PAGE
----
Room 101

December 1, 2007

While generally immersed in matters of public health you may like to know about my visit to my surgery recently.    A little ‘tongue in cheek’ but basically the following is how it went.   The surgery is fine, but maybe public health service employees are a bit overworked?

I arrived at the surgery ten minutes early for my appointment.   Nothing important really; a cholesterol check – but when you haven’t been inside a surgery for nine years you are understandably preoccupied with the anxiety that this will be the termination visit – the one where you are found to be ‘falling apart’ in all bodily functions and advised to go home, finish any outstanding diy, and wait for the inevitable – which would not be long coming.  I wished I had brought a book to occupy myself, and distract me from the rain and wind outside – surely a portent of things to come – when another patient arrived. He brought his bicycle in with him, its’ wet tyres making neat patterns on the worn carpet, and announced to the room that he wasn’t going to ‘bloody well leave it outside for the yobs to take’.  Several heads nodded in understanding and I noticed that the two receptionists were not going to argue.   He then parked his bike across the doors to two adjoining examination rooms and I waited with some excitement to see what happened when those using them came to leave.  But the fun was spoilt when he left as quickly as he had arrived, scraping the waiting room benches as he went and knocking into an elderly woman, who responded by swearing at him.   Not a place for the faint hearted, this surgery, and I made a mental note to practise a fierce expression for the next time I came – if there was to be a next time.   The receptionist informed the room that he had come on the wrong day, and the several heads nodded again.   A potentially difficult situation had been avoided by a mistake in reading an appointment card.  It could happen to anyone, but I was guiltily sad that no-one had tried to leave the consulting rooms before the bike was moved.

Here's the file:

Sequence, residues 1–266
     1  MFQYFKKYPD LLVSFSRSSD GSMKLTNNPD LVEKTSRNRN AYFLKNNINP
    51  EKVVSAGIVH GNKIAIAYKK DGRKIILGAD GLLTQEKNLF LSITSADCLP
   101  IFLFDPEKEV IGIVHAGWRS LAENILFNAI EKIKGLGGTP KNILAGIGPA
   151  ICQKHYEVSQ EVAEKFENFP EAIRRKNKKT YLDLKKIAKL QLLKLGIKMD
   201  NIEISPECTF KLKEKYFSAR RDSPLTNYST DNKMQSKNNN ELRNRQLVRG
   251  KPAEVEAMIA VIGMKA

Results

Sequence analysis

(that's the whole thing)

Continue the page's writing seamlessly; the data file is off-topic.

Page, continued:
All this, and the interesting sounds of an argument between a bus driver and a jaywalking pedestrian coming in through the open door, distracted me from hearing the unintelligible intercom system that summoned individuals to their place of treatment.  I had noticed, with some apprehension, that at four or five minute intervals a steady procession of men, women and two children were called to Room 5.   What was going on in Room 5?   Obviously not ante-natal, or a bunion clinic, and I didn’t notice them coming back – but that was probably because by now I had found a Maplin brochure in which to lose myself and my anxieties.   Then it was my turn, and also to Room 5!   Perhaps it was where everyone got the ‘bad news’ – but that didn’t seem right.